There are traditions which are, like certain feasts, immovable. One of them at our house involves Thanksgiving. Yes the feast day its self is a movable but the presence of Smoky Pumpkin Soup is a given tradition for the feast itself. The recipe comes from the Silver Palate Good Times cookbook so the tradition probably started around 1984. I recall when I first made it I went whole-hog and followed the recipe to the letter and cooked and pureed my pumpkin; over time and in places where pumpkin wasn’t always available I made an adaptation using canned pure pumpkin. It works just as well.
Smokey Pumpkin Soup – serves 6 Adapted from: The Silver Palate Good Times Cook Book Prep time: 10 minutes Cooking time: 35 minute
Ingredients: 6 strips of bacon fried until crisp, diced, fat reserved. 4 tablespoons unsalted butter 4 cups pureed pure pumpkin 6 cups beef stock 1/2 cup Marsala* 1 teaspoon dried thyme Salt and pepper to tasted Toasted pumpkin seeds
Preparation Heat butter and bacon fat in a stock pot over a medium high heat. Briefly saute the pureed pumpkin to absorb the flavour of the bacon fat. Add the beef stock and simmer for 25 minutes. Add the Marsala, salt, pepper and thyme and stir combine. Add the bacon and simmer for 10 minutes. Serve garnished with toasted pumpkin seeds.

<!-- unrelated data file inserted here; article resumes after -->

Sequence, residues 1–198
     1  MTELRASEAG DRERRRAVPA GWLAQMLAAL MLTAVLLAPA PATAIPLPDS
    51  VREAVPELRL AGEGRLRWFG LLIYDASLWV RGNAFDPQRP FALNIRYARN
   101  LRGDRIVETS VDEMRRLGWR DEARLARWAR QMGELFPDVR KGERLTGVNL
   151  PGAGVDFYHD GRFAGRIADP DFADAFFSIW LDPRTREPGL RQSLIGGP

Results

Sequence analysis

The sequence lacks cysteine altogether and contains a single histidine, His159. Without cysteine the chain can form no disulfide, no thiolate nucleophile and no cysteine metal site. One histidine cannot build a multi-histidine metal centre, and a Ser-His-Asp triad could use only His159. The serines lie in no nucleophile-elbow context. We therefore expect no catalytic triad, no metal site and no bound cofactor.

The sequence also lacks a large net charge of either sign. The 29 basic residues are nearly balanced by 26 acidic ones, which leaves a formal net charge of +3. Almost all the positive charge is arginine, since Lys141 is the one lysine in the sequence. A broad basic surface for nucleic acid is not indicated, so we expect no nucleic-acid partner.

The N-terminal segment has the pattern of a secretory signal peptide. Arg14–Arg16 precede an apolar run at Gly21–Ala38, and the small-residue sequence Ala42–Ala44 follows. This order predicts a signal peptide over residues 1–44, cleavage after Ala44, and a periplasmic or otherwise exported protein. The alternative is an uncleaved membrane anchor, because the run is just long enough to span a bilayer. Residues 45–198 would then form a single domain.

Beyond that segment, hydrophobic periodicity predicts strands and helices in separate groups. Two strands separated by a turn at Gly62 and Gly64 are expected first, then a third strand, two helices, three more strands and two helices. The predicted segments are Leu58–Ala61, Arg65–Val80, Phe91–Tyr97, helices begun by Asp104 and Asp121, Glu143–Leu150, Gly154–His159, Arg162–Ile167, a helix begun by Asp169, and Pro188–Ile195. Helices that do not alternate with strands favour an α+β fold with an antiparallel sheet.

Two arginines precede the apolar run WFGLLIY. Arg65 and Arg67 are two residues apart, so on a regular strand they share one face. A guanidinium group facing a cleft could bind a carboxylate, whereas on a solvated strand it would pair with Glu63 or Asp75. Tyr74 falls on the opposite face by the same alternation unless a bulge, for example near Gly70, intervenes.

* Madeira or a Dry Sherry (not cooking sherry) will do also.
It’s quick and easy and can be very comforting on any cold winter night not just at Thanksgiving.
The word for October 10th is: Pumpkin \pŭmp′kĭn,\: [noun] 1.1 A round, often large squash with coarse, strongly flavored yellow to orange flesh, numerous seeds, and a moderately hard, usually orange rind. 1.2 Any of several plants producing these fruits, especially varieties of the species Cucurbita pepo, and also varieties of C. maxima and C. moschata. 1.3 A moderate to strong orange colour. Alteration (influenced by –kin) of obsolete pumpion, from obsolete French pompon, popon, from Old French pepon, from Late Latin pepōn, from Latin, watermelon or gourd, from Greek, ripe, large melon.
Though it wasn’t a Thursday last night’s dinner was a throwback! A throwback to the early 1980s and the glory days of The Silver Palate Cookbook. Now rest easy faithful reader, this is not one of those recipe sites where I will tell you about my first visit to New York as a mere child in 1981 – a stretch of anyone’s imagination at best. And about how I wandered aimless down 73rd until a tantalizing smell led me to press my nose against the window of a shop at Columbus Circle and I caught my first glimpse of Chicken Marbella. How the kindly owner took pity on my youth and offered me a taste. How I was immediately taken out of myself and …. Oh wait a minute. Sorry, if you want the recipe for last night’s main just: Go to recipe.
Last night was a throwback to dinner parties given and attended in those bygone years of such events. We were served or ourselves served this savoury-sweet-acidy-fruity dish on more (!) than one occasion. It was easy to prepare in advance! It was trendy! It was easy to prepare in advance! It was what sophisticated New Yorkers picked up at the end of the work day as they headed home to their smart flats on the Upper West side. And it was easy to prepare in advance!